If you're going through a military divorce, you may wonder how you'll be affected if you're not the spouse who participates in the military. Because the military has many special benefits for military families, you might even think that you'd lose the right to those benefits through divorce. That isn't always the case, though, and Louisiana military families might be interested in this information about continued DEERS enrollment for those who are divorced or thinking of divorcing.
A thorough examination of divorce in the military has revealed a number of interesting observations that are relevant to military couples from New Orleans. Researchers with the Rand Corporation examined information from more than 462,000 enlisted service members who married during their service. All of these individuals were part of the military between March 1999 and June 2008. Perhaps one of the more obvious points of the report was that deployments have an effect on divorce rates in the military.
Marriage is often part of military life. But when the relationship goes awry, the fallout can be both complex and hurtful. Complications quickly arise when one realizes that a divorce involving someone who is part of the military not only invokes state law but also federal law. The confusion surrounding the combination of these may even be present in a judge presiding over this type of divorce -- that is how complex it can get. Then there is the issue of hurtful decision-making, most easily performed on the part of the non-military spouse.
Some people in New Orleans would say that compared to military couples, civilians have it easy. And though this may not always be true, a couple with at least one person in the military has to confront many adversities. In the past decade, the U.S. has been in two wars, leaving many military personnel away from their families, risking their lives overseas for lengthy periods of time. The problem with this is that some married couples do not deal with this as well as others and it can lead to a military divorce.
Divorce is a realm that is often interpreted as having inequalities toward one spouse or the other, particularly when the split is contentious. But military divorce is also affected this way and some people are fed up with it. Many couples in Louisiana have experienced a military divorce, one that may involve veterans' benefits, emotional issues created by post--traumatic stress disorder, and a splitting up of a family that stayed together while the soldier was overseas.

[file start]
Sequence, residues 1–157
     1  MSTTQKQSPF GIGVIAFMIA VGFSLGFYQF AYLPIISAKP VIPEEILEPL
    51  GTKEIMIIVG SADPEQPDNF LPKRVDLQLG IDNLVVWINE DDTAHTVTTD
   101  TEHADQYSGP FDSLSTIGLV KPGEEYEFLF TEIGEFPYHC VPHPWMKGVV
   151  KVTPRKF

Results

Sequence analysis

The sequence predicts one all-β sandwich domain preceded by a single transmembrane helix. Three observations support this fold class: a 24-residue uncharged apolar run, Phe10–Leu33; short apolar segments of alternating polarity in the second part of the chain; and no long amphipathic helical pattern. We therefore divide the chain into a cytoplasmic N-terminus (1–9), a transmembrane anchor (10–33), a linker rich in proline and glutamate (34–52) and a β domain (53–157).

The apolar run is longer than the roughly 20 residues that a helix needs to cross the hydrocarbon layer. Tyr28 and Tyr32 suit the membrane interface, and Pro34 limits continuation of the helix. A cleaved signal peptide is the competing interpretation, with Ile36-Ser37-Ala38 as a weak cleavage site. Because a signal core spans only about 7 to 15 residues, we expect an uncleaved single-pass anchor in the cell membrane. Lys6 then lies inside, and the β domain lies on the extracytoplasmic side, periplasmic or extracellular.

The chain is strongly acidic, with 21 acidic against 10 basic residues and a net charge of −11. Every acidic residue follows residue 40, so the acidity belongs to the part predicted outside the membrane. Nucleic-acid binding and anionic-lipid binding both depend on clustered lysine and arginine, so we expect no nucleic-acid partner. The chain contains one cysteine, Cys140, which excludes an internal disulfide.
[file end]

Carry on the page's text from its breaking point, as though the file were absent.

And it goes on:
There are a number of complexities that members of the military must deal with, many of them that civilians will never have to touch. Though most of these stem from battle, there are others that some civilians may sympathize with -- those stem from divorce. According to some groups, changes need to be made to the process of military divorce. Some soldiers in Louisiana will likely support these changes as they address the 1982 Uniformed Services Former Spouses Protection Act.
Policy changes in the U.S. military may have lasting effects on families in Louisiana. According to officials, changes in 2012 reduced most deployments within the Army to a length of nine months. While this is not the case for all deployments, it eliminated the ability for soldiers to be granted environmental morale leave. Also known as R & R- rest and recuperation - the leave gave soldiers time to head home in mid-deployment and be with their families. Some believe that the elimination of this benefit may cause even more military divorces to occur.
What sort of pressures do military couples face that their civilian counterparts do not? For starters, there are the constant worries distance and violence can bring, especially if a spouse is stationed overseas in a battle zone. These alone can cause a Louisiana couple to consider a military divorce, especially if they are poor at communicating or not dedicated to one another. But couldn't it be easier for couples to stay together if the active military member had more say over his or her stationing, as well as other factors of a military career?
The recent resignation of David Petraeus from his post as director of the CIA was unexpected, as was the truth of his infidelity. This has forced many people to consider the presence of the military divorce and the effects that it can have on the stability of the institution of marriage as well as the U.S. military.
Many in New Orleans understand the complications that can arise with divorce. A couple spends one, two, three decades together - they have shared their lives for a considerable amount of time and have accumulated many assets. They have lived together under the same roof, blended their day-to-day activities together, had children, signed mortgages and car loans together, purchased furniture and vacation homes together and so on.